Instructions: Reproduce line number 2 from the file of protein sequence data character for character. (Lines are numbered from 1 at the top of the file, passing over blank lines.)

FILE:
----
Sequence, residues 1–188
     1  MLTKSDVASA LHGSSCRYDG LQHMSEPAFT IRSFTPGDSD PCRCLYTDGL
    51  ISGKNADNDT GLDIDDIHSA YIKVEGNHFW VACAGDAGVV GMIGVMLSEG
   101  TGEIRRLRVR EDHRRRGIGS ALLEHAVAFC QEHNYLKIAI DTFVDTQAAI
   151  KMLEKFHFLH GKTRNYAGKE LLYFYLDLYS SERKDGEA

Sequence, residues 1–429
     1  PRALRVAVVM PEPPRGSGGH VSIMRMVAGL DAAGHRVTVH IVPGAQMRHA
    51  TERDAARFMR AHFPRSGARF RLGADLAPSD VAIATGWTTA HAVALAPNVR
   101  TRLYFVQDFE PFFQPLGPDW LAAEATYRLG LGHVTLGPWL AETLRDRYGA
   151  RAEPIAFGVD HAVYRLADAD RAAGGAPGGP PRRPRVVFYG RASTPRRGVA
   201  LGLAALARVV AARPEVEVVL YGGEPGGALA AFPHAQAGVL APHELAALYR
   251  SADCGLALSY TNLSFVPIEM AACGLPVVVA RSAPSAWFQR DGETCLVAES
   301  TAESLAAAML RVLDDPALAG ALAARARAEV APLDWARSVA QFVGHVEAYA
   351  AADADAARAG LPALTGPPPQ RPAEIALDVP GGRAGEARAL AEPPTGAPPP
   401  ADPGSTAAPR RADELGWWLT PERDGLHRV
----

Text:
     1  MLTKSDVASA LHGSSCRYDG LQHMSEPAFT IRSFTPGDSD PCRCLYTDGL